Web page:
In the debate over intelligent design one of the more annoying problems is the media’s predilection to misdefine ID, and to avoid reporting the positive case scientists make for the theory based on scientific evidence. Stephen Meyer, CSC Director, this weekend penned a clear and concise description of the theory that everyone –especially journalists– should read and remember.
The Weekly Standard has run John West’s response to Adam Wolfson’s recent article about intelligent design (which we blogged about here and here.)
A Cambridge University ex has a trenchant review of Horizon’s “War on Science,” a program looking at the controversy between Darwinsm and Intelligent Design.
Notorious legal decisions often develop a common-man meaning. The public perception of the Kitzmiller decision is that Judge Jones supposedly settled the issue: intelligent design is not science. As a law student, I have been amazed that this most important of Kitzmiller holdings is unsupported by any legal reasoning. The news coverage of Kitzmiller has encouraged this misperception. CNN.com simplified the entire decision as being about defining science: “U.S. District Judge John Jones concluded in a 139-page decision that intelligent design is not science.” This is absurd to anyone who respects the law. Judges should only be deciding matters of law, not declaring as authoritative his opinion on matters of politics, or philosophy, or science.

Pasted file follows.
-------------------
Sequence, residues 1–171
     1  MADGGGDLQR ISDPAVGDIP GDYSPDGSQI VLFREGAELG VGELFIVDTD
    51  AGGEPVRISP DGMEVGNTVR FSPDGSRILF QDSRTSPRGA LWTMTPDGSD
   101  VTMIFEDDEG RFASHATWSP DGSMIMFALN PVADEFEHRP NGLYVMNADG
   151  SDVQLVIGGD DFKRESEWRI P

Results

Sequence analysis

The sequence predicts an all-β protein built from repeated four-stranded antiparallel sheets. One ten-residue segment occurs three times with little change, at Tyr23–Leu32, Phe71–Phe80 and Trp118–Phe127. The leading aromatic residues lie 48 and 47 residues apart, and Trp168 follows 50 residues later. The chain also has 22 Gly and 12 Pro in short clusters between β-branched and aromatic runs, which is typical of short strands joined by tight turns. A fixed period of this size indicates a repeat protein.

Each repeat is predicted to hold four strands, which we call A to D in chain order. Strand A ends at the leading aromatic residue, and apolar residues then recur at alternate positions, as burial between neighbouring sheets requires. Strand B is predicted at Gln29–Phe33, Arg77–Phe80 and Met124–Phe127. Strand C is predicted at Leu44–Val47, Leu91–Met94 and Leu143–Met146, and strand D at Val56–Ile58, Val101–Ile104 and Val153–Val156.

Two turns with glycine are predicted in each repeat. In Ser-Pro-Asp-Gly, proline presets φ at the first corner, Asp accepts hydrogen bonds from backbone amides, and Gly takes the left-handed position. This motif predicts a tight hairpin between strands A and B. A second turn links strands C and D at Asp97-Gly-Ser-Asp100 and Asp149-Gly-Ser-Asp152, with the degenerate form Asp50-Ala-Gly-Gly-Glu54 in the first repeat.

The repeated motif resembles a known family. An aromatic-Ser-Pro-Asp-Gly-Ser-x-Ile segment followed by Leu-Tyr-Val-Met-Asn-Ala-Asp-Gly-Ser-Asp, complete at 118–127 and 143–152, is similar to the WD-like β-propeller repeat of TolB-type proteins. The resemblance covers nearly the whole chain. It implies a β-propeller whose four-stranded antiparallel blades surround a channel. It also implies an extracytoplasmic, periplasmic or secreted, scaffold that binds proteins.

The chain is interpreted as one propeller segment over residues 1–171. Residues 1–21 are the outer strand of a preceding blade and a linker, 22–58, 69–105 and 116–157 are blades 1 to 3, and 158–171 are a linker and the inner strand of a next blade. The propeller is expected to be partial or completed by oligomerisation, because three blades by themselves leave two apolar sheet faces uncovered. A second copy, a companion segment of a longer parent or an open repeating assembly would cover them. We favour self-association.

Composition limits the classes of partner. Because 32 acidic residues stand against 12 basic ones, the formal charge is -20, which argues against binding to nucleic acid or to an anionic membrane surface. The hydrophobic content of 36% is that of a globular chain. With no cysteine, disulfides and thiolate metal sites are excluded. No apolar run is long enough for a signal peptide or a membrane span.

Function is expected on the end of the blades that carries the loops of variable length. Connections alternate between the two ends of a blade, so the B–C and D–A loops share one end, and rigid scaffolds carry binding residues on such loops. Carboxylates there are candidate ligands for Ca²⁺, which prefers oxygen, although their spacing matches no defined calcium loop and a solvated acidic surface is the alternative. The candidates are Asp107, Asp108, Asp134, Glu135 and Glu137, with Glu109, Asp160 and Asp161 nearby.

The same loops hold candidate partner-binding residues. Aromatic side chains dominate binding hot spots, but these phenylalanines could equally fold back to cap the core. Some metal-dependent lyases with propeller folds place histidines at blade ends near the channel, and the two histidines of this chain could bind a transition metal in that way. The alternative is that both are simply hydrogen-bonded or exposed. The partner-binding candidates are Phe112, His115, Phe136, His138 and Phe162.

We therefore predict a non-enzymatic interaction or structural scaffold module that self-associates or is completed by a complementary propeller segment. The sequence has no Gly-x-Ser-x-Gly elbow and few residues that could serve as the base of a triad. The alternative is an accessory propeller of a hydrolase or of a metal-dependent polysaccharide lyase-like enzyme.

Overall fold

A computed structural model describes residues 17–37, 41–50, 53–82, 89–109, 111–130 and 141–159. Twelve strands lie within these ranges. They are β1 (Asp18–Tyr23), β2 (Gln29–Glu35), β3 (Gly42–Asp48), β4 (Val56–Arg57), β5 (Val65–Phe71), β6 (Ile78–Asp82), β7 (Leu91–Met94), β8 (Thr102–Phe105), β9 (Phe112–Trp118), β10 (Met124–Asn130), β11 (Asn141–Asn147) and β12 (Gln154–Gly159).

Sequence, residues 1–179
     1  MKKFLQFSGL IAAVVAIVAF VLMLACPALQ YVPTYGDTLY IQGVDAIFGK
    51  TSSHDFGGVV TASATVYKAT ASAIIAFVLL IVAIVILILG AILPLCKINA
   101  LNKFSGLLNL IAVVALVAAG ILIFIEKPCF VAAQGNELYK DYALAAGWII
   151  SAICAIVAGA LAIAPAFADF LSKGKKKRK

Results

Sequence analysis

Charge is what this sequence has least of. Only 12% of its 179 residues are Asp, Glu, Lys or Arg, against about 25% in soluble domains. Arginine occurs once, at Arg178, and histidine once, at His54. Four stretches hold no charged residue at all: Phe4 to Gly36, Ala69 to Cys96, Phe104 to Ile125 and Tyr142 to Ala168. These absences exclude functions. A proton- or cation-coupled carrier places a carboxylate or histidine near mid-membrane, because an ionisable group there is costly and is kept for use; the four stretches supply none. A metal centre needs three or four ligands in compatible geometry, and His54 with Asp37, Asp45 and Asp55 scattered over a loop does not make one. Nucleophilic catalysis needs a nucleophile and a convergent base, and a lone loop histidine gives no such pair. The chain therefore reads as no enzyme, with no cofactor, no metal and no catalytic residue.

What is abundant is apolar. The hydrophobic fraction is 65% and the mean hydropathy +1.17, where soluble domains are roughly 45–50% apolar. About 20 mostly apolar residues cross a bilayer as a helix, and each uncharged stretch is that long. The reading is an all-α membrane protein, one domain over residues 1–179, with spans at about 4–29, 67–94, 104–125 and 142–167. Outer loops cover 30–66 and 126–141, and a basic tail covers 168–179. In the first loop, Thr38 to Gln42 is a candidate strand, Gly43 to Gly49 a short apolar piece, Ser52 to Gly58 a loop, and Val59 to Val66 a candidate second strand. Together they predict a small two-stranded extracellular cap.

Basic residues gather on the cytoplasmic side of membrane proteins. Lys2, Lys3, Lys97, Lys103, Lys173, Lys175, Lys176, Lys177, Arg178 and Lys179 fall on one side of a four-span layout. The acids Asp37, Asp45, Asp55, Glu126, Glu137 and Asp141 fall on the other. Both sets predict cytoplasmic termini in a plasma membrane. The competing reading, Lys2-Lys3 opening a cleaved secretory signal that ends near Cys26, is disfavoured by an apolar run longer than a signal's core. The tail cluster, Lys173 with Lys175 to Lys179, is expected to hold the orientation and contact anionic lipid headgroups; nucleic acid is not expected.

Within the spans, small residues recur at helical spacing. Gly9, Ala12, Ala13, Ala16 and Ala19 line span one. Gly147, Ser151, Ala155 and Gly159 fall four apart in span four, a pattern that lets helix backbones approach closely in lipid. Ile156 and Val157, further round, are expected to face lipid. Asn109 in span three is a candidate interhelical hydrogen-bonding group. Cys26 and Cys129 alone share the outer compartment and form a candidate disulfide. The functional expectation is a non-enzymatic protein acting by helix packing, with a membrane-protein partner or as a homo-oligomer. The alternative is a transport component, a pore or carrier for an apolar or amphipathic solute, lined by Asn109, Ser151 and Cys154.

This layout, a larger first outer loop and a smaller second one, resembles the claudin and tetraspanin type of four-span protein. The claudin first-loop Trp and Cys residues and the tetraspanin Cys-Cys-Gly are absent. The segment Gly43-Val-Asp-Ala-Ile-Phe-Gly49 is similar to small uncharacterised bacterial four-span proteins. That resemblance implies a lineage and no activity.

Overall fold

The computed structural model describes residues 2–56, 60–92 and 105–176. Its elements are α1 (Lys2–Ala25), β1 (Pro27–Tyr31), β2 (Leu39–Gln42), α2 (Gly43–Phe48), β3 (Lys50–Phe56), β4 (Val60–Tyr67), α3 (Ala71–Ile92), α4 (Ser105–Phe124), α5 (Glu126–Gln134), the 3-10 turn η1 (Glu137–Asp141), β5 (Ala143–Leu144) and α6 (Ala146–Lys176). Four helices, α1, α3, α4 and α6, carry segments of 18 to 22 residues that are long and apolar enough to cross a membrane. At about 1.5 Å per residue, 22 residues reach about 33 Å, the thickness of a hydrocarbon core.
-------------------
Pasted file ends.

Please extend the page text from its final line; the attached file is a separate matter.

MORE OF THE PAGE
139 pages of judicial overreach, ignoring important facts, scientific error, and logical fallacy (but other than that, it’s great!–why all the fuss?) have given the blogosphere much material to discuss. Richard Cleary has an extensive review of the Kitzmiller decision at Viewpoint. Cleary clearly highlights a fallacy in the argument ID is creationism repackaged: “The first claim, that ID must be religious, even though it doesn’t appear to be, because it evolved from (forgive me) creationism, is silly. Because one theory emerges from the embers of another doesn’t entail that it necessarily bears all or even many of the traits of the other. Modern theories of the atom are all descendents of Democritus’ belief that such entities exist, but the Read More ›